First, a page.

A brief history of the Norwich Philharmonic Society
(Written to mark the 150th Anniversary of the Norwich Philharmonic Society in 1991)
Neville Miller puts today's Philharmonic Society into its historical context.
When the Norwich Philharmonic Society made its public debut on March 5th 1841 Queen Victoria was 21 years old and the mother of a three-month-old daughter. In November that year she was to give birth to a son who became King Edward VII and, as Prince of Wales, bought SanDringham Estate in Norfolk.
Royal happenings - the marriage to Prince Albert in 1840 and the first child - would have gladdened Norfolk hearts, but there was another sensation on the horizon that promised to have a more immediate effect on their lives. They were seeing the dawn of the railway age.
Within a week of the Philharmonic Society's debut, the Norwich Mercury carried advertisements giving notice of application to Parliament for bills that would permit the tracks and buildings of railways in the Norwich area.
But in 1841 travel was primitive, Norfolk was a long way from elsewhere and its music was made by home musicians.
One of the city's most active supporters of the arts and the one whose energy and enthusiasm was to bring about the founding of the Norwich Philharmonic Society was Frank Noverre.
He was the grandson of a French dancer, Augustine Noverre. In 1775 Augustine came to England with a corps de ballet at the invitation of David Garrick, one of England's greatest actors, who at that time was also manager of the Drury Lane theatre where the dancers were to appear.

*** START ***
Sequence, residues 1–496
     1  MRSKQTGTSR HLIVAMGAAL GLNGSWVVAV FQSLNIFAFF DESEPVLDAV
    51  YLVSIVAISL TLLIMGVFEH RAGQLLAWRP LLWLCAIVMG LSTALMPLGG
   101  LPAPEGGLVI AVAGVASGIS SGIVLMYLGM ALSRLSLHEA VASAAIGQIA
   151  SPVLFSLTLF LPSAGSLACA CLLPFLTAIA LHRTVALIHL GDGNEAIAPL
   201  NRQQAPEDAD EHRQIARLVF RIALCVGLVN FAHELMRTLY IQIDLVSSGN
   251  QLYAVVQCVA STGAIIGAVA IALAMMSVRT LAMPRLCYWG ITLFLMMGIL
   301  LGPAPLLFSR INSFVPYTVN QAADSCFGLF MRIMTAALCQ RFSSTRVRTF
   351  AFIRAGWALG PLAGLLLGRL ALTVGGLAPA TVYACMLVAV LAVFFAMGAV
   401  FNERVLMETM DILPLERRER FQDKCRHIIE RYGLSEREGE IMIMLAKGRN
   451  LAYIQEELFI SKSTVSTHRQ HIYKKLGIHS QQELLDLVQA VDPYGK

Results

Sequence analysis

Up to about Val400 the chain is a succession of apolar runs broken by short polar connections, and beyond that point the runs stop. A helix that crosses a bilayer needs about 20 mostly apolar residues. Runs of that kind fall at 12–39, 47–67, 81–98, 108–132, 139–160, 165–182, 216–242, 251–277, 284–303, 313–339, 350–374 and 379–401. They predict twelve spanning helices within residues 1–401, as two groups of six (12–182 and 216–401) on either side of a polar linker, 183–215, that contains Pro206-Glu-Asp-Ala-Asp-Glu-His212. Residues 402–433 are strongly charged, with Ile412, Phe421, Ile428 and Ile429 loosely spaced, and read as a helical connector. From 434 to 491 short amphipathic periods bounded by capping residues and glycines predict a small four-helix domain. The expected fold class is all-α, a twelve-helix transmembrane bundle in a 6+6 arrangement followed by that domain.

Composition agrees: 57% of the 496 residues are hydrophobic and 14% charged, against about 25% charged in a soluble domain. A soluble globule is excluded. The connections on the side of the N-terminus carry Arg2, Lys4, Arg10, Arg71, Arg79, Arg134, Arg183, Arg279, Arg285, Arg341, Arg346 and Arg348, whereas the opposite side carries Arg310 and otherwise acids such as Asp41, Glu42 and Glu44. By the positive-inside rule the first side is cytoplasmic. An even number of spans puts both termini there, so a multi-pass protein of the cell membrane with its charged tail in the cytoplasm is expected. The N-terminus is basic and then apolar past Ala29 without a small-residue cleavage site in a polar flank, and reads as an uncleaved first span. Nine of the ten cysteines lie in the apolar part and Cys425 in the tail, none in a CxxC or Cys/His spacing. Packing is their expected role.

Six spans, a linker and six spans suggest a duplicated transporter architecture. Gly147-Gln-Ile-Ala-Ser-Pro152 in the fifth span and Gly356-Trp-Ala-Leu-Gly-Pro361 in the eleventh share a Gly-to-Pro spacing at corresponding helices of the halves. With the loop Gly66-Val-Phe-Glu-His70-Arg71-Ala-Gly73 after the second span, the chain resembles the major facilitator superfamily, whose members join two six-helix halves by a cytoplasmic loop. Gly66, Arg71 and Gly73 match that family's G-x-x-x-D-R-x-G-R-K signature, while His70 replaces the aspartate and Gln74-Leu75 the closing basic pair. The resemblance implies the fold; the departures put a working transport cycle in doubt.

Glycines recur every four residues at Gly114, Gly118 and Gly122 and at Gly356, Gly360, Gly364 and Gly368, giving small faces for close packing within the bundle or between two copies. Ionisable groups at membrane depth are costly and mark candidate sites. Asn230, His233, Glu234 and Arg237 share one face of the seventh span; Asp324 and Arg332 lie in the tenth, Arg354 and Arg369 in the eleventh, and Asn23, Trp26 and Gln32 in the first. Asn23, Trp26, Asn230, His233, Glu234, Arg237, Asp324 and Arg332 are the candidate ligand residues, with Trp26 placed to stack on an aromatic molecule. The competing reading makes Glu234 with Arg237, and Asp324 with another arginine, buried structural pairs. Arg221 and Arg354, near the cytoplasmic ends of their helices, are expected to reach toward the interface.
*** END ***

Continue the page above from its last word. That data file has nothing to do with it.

This was just before the outbreak of war with France, and during an anti-French riot Augustine injured one of the demonstrators with his sword. It was not a mortal wound but this, and the general unrest in the capital, was enough to show Augustine the wisdom of getting out.
Perhaps he came to Norwich because there were already French spinners and weavers in the city who had fled from religious persecution.
When the disturbances had died down he returned to London and became a member of the corps de ballet at Drury Lane. Retiring from the stage he settled in Norwich and set up a dancing academy at the Assembly Rooms. This was inherited and expanded by grandson Frank.
A man of wide artistic sympathies, Frank was treasurer of the Norwich Choral Society and one of the keenest supporters of the Norwich Triennial Musical Festival founded in the same year, 1824, by Richard Mackenzie Bacon, proprietor and editor of the Norwich Mercury, who had married the sister of Augustine.
Frank would have noted the demise of a Norwich group called the Hall Concert, a society of amateurs who made music in various buildings, including St Andrew's Hall, between 1789 and 1834 when the society was dissolved and its assets sold off. It had begun with half a dozen players and grown to full orchestra.
Some of its music, bearing labels marked 'Hall Society', went into the library of the Philharmonic Society which could thus be considered its successor.
Frank sent out circulars inviting twenty-five men to a meeting on Saturday October 5th 1839. That was the day that the Norwich Philharmonic Society came into existence, with Frank as the treasurer and secretary and his brother Francis as librarian.